Women often approach their new husbands like buying a house. They buy a property “as is” knowing that it is a “fixer” that could be a good investment with a little TLC. But obviously, a man is not a house, a piece of property nor an investment. And that is why so many wives end up frustrated and disappointed while their mates wonder what happened to their once enthusiastic buyer. In the initial stages, it’s all about potential value. After the contract is signed, the focus falls upon the flaws that need to be fixed.
When it comes to making marriage relationships work, there is only one basic truth, what I call the Holy Grail of Marriage, which stands above all the other marriage precepts and adages. It’s the final and highest stage one can reach in any relationship: Acceptance.
Acceptance versus tolerance
Acceptance is often misunderstood. Acceptance is not the same as mere tolerance. Tolerance implies some level of resistance. A “putting up with” what you do not like. Tolerance calls for self-restraint when you’re exposed to what you do not like. When you must exercise tolerance for an extended period of time, dissatisfaction builds up. That is why everyone has a tolerance level that can be breached. If you’ve ever said, “I’ve had it!” you’ve been exercising only tolerance not acceptance.
If you truly accept someone “as is” then there will be no irritation, resentment, angst or long-suffering when faced with someone else’s faults. No disappointment, no hurt, no expectations. Just acceptance of what is. You aren’t tied emotionally to any outcomes. You love and appreciate the other person with all his or her shortcomings. After all, we are allowed to be human. And we want other people—especially our spouse—to love and accept us as we are, without criticizing or picking at our humanness.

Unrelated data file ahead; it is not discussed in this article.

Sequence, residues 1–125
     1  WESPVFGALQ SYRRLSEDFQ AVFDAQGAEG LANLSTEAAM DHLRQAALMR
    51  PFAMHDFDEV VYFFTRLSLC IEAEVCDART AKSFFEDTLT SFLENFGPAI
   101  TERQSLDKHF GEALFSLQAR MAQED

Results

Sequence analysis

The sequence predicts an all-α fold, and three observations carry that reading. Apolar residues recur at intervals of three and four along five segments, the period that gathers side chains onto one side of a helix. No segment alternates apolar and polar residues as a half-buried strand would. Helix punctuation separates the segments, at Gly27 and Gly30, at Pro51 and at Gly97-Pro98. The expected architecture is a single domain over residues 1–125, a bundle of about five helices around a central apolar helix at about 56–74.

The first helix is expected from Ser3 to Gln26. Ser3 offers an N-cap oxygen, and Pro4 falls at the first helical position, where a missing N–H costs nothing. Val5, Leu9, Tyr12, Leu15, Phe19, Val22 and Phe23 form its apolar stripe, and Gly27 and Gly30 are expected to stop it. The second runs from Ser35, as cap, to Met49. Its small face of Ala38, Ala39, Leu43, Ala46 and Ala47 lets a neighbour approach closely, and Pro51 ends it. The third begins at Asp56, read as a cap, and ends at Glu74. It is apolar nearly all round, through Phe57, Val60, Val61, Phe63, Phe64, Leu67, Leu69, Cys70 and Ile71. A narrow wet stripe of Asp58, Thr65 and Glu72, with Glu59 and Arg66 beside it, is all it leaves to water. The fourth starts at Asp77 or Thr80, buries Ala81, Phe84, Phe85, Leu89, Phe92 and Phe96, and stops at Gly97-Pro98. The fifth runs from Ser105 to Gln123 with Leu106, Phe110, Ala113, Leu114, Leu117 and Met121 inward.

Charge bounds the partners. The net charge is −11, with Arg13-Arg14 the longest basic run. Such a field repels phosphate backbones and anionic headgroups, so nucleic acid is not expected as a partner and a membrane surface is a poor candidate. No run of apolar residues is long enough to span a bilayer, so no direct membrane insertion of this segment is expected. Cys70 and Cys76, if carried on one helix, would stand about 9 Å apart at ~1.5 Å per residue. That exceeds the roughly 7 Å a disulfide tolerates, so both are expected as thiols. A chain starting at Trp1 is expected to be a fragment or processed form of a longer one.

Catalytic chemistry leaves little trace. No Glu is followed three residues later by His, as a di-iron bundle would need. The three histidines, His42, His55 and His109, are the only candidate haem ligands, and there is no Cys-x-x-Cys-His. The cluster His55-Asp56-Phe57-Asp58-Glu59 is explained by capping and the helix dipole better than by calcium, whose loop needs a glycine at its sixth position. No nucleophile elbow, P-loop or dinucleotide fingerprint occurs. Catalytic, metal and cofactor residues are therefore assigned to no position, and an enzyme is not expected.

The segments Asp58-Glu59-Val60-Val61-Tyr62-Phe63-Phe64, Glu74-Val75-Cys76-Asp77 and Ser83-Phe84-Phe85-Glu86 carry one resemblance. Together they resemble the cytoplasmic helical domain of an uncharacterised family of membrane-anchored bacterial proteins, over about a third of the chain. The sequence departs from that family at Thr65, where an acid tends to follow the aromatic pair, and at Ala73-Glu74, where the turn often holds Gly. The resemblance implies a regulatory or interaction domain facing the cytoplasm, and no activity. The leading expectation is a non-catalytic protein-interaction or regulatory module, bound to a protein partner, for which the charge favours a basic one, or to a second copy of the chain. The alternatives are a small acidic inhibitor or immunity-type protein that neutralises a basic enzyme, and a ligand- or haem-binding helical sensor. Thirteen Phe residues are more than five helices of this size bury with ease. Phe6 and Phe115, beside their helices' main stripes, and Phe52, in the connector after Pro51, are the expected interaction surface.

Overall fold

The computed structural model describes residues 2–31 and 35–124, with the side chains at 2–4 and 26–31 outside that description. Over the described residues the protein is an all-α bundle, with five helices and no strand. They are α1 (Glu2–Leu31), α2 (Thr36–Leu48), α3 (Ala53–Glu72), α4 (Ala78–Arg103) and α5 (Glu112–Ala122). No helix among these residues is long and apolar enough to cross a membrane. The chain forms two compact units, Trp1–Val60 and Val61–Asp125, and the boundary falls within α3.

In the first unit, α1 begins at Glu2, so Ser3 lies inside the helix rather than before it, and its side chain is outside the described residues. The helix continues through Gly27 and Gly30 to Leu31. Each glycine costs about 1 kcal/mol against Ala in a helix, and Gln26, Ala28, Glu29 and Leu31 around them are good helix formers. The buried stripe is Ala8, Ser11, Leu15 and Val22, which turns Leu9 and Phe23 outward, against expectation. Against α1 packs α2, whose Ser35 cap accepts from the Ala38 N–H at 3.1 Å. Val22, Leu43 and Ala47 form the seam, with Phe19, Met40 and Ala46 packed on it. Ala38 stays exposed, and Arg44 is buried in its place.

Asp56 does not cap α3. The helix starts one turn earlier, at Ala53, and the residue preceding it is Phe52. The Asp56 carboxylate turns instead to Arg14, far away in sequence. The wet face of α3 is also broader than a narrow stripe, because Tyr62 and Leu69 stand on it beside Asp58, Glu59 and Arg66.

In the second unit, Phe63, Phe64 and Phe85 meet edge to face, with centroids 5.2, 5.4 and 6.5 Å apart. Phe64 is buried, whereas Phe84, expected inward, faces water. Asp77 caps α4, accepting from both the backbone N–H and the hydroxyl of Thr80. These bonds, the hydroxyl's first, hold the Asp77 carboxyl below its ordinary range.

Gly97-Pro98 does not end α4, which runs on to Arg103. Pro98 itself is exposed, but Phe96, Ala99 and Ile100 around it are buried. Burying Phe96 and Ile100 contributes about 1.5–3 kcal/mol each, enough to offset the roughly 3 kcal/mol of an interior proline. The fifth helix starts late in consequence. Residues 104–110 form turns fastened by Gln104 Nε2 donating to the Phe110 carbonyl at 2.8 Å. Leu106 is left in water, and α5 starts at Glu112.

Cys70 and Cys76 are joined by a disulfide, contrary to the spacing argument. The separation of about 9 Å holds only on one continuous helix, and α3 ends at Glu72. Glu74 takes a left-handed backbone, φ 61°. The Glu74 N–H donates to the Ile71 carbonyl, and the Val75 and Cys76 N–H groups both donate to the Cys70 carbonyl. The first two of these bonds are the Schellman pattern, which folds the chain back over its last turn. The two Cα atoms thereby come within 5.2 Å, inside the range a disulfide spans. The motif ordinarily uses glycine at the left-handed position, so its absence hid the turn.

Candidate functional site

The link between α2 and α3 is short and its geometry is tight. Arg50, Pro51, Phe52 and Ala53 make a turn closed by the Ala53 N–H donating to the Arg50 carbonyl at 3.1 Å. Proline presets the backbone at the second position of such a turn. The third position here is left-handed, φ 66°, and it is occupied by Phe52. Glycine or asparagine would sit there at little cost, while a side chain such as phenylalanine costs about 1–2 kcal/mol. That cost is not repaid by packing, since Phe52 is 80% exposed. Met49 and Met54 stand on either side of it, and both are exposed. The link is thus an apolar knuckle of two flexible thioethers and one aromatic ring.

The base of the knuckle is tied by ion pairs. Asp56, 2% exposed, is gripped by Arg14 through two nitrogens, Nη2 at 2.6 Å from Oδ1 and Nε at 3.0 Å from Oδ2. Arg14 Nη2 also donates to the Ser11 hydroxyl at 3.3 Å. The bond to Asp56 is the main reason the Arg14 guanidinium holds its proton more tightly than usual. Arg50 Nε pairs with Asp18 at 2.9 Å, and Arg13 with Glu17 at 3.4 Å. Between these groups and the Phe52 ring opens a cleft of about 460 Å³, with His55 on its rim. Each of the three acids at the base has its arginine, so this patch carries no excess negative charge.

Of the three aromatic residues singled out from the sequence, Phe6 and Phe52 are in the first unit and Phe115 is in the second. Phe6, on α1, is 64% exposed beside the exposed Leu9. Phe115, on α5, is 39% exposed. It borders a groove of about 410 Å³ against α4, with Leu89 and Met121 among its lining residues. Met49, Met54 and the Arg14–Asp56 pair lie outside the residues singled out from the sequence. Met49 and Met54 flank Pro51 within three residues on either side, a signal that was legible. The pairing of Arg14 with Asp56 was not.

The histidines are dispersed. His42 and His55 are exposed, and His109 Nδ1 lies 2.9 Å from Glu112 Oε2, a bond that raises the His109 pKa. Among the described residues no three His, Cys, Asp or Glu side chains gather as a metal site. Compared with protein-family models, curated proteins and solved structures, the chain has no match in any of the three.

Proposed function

That is the key to being able to release your resistance to another person’s flaws: Realizing that you have your own that are equally as irritating to others. We often don’t realize our own flaws or we downgrade them. We don’t recognize that we often cause others to have to tolerate us! But even if we are perfect, we don’t have the right to correct others. Everyone has the right to live as he chooses, even if that means some of those choices will result in a difficult life journey.
Acceptance is a gift of unconditional love
Accepting others, without trying to change them is a double gift. You give the other person the gift of your love without any strings attached. But you release yourself from the pressure of manipulating another human being, which is not your right to begin with. There is freedom and peace in learning to accept people for who they are. Many husbands and wives stubbornly hold onto “principles” that they say are important to them, principles that prompt them to pressure their mates into “better” behaviors. Those principles might be based on religious principles or life philosophies, but there is a higher—even the highest—principle that transcends all principles: unconditional love.
Until you’ve experienced unconditional love, until you’re able to offer unconditional love in your marriage, no other principle really matters. No other principle will improve the quality of your life and your relationships as completely as the principle of unconditional love. It might seem like a difficult principle to follow, but it really is quite simple. Let nothing else matter except for loving your mate unconditionally. Then, watch the magic unfold because unconditional love has a way to sparking hope in others and inspires the best in them to blossom.
“You must be the change you wish to see in the world.” Mahatma Gandhi
“Peace of mind comes from not wanting to change others.” Gerald Jampolsky
“First cast out the beam out of thine own eye; and then shalt thou see clearly to cast out the mote out of thy brother’s eye.” Matthew 7:5
“People don’t resist change, they resist being changed.” Peter Scholtes